Friday, 18 April 2014

Don't Give Me Any More Trouble.

Any more or anymore? What is the difference in North American usage?

Any more (two words) is an adjective phrase that means, any additional:
 The dragon didn't want any more onions added to his soup pot.
Anymore (one word) is an adverb that means, still, any longer, nowadays, and can be used in a negative or a positive sense:
      Negative sense:  Apparently, the king doesn't like onions anymore.
      Positive sense:  The royal councilman wanted to know if the dragon grew onions anymore. 

Another way to think about the distinction is: anymore is used to indicate time, any more indicates quantity or degree.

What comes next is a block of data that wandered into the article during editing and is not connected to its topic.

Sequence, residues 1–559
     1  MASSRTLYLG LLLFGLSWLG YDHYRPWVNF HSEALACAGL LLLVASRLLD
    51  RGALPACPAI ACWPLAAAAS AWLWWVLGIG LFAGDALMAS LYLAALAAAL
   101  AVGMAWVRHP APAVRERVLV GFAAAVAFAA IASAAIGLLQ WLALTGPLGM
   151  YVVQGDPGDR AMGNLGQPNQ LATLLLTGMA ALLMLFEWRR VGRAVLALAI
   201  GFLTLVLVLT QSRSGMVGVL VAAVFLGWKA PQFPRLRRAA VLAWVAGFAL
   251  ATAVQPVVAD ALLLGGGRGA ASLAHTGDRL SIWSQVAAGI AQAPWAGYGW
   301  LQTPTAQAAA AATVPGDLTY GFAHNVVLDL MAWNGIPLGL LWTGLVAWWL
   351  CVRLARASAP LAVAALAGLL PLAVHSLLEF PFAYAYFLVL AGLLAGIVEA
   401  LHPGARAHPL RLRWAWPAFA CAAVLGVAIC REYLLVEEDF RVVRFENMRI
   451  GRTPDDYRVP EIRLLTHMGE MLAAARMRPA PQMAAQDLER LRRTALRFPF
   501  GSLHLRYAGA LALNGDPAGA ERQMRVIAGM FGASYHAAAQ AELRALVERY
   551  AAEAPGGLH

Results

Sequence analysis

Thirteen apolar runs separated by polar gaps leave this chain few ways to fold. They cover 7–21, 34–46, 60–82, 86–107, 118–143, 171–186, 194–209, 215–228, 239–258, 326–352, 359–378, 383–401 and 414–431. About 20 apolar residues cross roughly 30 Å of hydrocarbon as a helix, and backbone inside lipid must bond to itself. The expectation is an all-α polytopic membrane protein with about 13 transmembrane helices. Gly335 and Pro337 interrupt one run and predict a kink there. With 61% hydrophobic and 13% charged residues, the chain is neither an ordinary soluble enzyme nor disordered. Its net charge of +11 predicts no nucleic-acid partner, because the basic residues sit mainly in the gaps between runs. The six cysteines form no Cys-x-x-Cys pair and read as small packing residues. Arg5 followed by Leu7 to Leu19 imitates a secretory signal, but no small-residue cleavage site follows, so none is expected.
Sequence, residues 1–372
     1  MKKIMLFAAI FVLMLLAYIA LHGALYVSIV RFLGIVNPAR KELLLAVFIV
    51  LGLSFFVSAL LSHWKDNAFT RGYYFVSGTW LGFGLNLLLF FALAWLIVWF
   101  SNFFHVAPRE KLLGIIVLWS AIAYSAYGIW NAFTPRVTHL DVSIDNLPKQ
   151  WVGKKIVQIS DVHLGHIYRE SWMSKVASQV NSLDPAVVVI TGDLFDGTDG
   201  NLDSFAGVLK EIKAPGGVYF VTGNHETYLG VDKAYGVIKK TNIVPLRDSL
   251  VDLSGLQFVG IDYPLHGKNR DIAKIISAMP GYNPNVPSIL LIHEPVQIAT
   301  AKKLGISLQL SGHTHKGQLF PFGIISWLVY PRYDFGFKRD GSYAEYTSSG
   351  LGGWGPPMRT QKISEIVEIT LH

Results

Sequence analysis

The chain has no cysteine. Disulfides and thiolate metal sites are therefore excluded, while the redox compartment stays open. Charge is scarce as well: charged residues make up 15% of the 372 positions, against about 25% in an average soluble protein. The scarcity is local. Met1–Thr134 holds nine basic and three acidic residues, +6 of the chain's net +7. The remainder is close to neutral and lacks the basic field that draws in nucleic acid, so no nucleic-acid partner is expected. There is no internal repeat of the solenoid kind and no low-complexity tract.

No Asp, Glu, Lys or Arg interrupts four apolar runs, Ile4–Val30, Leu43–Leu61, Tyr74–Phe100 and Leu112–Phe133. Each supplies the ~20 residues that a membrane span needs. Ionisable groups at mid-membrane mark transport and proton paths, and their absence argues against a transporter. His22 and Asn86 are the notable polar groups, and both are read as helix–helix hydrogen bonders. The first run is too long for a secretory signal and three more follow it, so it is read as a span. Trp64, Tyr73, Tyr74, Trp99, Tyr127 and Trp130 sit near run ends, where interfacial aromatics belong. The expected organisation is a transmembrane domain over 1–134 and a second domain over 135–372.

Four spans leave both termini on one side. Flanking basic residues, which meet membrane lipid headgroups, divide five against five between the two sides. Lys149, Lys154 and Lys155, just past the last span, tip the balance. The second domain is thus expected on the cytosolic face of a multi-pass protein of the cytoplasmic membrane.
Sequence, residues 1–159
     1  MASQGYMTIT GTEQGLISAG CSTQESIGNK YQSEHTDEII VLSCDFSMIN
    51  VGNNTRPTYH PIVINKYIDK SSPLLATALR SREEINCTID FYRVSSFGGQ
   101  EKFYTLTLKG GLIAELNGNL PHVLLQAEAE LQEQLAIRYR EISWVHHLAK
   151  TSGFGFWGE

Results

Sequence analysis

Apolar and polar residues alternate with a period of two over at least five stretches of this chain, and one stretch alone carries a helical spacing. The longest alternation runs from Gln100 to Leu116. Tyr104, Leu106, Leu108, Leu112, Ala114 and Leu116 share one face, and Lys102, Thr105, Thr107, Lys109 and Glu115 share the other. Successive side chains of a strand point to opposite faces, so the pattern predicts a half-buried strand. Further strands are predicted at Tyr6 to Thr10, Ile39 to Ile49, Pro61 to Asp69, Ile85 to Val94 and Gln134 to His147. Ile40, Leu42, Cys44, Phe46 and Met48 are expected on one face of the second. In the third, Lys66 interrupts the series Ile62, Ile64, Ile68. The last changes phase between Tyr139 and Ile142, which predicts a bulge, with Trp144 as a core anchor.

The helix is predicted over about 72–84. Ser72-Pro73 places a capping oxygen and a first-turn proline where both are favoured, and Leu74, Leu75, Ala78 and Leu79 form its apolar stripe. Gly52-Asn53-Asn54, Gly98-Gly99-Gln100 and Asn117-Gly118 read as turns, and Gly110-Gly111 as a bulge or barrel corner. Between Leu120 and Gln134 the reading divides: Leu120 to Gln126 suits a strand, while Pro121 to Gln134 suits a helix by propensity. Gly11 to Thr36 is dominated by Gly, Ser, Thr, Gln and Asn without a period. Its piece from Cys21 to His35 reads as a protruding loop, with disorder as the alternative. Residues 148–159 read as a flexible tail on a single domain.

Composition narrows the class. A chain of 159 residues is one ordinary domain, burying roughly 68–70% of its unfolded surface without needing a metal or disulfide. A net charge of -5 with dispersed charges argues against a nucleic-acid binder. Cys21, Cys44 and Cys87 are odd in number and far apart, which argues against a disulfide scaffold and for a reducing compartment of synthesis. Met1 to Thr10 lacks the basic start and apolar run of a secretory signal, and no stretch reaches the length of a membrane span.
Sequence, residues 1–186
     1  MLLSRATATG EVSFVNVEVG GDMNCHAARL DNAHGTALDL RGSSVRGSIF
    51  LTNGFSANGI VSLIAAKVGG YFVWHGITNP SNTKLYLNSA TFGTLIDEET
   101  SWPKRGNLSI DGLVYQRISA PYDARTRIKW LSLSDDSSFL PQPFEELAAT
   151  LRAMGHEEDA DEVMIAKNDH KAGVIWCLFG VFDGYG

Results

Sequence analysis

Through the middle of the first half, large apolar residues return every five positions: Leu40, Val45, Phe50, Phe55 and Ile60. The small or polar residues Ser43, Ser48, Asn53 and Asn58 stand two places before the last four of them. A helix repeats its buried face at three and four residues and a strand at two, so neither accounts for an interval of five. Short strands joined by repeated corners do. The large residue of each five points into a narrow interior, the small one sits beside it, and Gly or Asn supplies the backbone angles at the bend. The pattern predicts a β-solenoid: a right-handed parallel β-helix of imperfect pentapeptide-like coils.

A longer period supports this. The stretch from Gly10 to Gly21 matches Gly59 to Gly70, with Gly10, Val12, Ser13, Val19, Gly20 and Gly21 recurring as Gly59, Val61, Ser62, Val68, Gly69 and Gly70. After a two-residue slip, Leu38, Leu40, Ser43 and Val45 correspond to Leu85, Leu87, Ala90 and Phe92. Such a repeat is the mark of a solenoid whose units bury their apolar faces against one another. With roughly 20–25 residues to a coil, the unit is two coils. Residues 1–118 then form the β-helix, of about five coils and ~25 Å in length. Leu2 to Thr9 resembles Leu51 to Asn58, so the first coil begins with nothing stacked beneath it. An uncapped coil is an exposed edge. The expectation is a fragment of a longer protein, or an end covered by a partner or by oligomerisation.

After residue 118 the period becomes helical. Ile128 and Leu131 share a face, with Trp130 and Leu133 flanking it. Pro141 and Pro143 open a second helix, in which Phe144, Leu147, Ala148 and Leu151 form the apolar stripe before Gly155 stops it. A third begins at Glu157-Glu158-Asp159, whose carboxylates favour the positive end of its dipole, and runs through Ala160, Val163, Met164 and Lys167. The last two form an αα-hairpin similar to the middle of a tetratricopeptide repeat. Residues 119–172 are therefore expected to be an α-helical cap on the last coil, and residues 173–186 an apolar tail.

The king doesn't like onions anymore  (any longer) because he doesn't want any more (any additional) embarrassing burping episodes in the royal court.

One more rule: when you follow with the preposition than, always use the adjective phrase any more.

     The royal councilman didn't appreciate the king's burbs any more than the king liked expelling them.

However, British English often identifies anymore as an alternative spelling for any more. So, depending where your kingdom is, the royal rules vary.                         

More on my dragon books for children:

copyright Diane Mae Robinson, 2014